Idea in short

The Hedgehog Concept by the American business consultant Jim Collins shows how a company or person can be successful in business. It’s about the power of simplicity, increasing the chance of success. In his 2001 book ‘Good to Great‘, Collins describes the similarities between large organisations like multinational corporations and the Hedgehog Concept.

Business success is a complex framework comprising of many interconnected parts. Collins recommends companies to focus on one thing at a time to achieve greatness. This single virtue enables companies to beat their competitors and grow to become successful business. According to Collins, it takes an average of about four years to fine-tune the Hedgehog Concept within an organisation.


The Hedgehog Concept is based on an ancient Greek parable about the hedgehog and the fox. The fox can do many things at once:

  • it’s aware of its environment
  • it’s wily
  • it can assess from a distance, and
  • it can quickly come up with different strategies to catch the hedgehog

The scenario always ends with the hedgehog thwarting the fox, which retreats with its nose full of the hedgehog’s spines. The hedgehog can only do one thing and does it perfectly – it defends itself by curling up into a ball and raise its spines.

Metaphorically, large companies that achieved greatness can be compared to hedgehogs. Hedgehogs are slow and less smart compared to foxes. But, they simplify the world around them and focus on a single, coherent vision. Companies that focus on multiple things at once are the foxes. They can lose focus, which undermines their chance of success and achieving greatness.


According to Collins, the Hedgehog Concept consists of understanding three circles that each start with a question. The area where the circles overlap is his Hedgehog Concept.


What are you deeply passionate about?

This is about understanding and finding out everyone’s passion within the organisation. What:

  • core values resonate with the employees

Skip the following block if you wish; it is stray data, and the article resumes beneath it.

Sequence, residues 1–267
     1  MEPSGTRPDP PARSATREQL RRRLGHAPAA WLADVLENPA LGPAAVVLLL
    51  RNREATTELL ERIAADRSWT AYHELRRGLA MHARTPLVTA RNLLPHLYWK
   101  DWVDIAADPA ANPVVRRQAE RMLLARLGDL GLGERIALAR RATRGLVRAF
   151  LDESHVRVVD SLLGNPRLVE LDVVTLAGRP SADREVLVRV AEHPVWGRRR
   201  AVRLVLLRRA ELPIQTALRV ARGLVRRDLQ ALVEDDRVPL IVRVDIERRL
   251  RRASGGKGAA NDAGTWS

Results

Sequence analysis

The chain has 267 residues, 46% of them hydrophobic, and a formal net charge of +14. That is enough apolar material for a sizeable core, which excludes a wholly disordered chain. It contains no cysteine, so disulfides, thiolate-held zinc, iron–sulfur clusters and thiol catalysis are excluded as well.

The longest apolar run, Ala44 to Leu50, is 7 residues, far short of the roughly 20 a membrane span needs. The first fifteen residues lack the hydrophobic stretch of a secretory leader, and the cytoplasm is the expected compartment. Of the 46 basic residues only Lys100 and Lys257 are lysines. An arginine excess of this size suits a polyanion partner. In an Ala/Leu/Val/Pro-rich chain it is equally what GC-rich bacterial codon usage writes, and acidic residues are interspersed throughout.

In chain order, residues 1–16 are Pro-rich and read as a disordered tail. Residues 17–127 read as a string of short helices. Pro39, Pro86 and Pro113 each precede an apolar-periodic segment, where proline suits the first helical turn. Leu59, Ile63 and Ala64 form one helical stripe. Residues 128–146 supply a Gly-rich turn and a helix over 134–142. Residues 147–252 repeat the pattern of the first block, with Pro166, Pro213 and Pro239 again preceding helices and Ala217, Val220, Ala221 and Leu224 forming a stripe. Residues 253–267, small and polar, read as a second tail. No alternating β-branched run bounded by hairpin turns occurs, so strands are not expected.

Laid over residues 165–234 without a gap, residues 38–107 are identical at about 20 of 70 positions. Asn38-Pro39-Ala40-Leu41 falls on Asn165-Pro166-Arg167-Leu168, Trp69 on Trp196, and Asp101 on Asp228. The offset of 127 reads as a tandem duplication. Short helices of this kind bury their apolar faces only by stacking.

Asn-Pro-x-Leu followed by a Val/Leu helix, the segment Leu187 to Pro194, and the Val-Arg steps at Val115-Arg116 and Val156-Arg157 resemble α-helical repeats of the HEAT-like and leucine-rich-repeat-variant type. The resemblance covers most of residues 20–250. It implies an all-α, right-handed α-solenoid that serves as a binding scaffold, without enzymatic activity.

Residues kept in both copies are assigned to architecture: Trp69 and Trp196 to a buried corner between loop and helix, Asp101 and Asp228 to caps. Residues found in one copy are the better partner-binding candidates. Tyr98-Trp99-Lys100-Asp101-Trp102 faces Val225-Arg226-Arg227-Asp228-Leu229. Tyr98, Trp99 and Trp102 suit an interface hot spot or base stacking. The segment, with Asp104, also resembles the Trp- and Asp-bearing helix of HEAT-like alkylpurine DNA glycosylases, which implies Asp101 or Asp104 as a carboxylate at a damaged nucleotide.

• work most inspires them
  • are they most enthusiastic about

What can you be the best in the world at?

This is about understanding the why’s. Why is the organisation good at what it does? What unique resources and capabilities does the organisation possess? What differentiators give the organisation scale and scope economies?

In other words, the emphasis and focus should be on the organisation’s strengths. It’s not just about core competencies, but also about other competencies that haven’t been achieved yet. It’s not a bad thing to have weaknesses. An organisation can have lower scores in certain areas.

What drives your economic engine?

An organisation has to be aware what its economic engine is. In other words, what products, services, resources, or capabilities generate revenues and profits. Simply put, the organisation should understand what they earn money with. This insight will reveal the drivers that deliver the lasting effect on the organisation’s long-term success.


After researching the questions from the three circles, the organisation should determine where they overlap. Hedgehog Concept is found at the overlap – the central vision that supports the organisation’s strategy. By answering the questions from the circles, the organisation becomes more self-aware. Subsequently, they can translate self-awareness into a simple concept to guide important decisions. Hence, the Hedgehog Concept isn’t a goal or strategy. But rather, it’s more about insights and guiding principles for strategic choices.


Based on the Hedgehog Concept, it can be beneficial for companies to review their existing strategy and ask themselves if things could be done differently. In order to revise a strategy, it’s a good idea to involve the management team. They have to be told what the Hedgehog Principle means and why it’s important that the organisation bases its strategy on its true passion, talents and economic opportunities. After identifying the Hedgehog Concept, organisations can improve by focusing on what they’re best at, instead of trying to find alternative strategies. What do you think? What is your experience with the Hedgehog Concept / Hedgehog Principle by Jim Collins? Do you recognize the practical explanation or do you have more additions? What are your success factors for making strategic choices?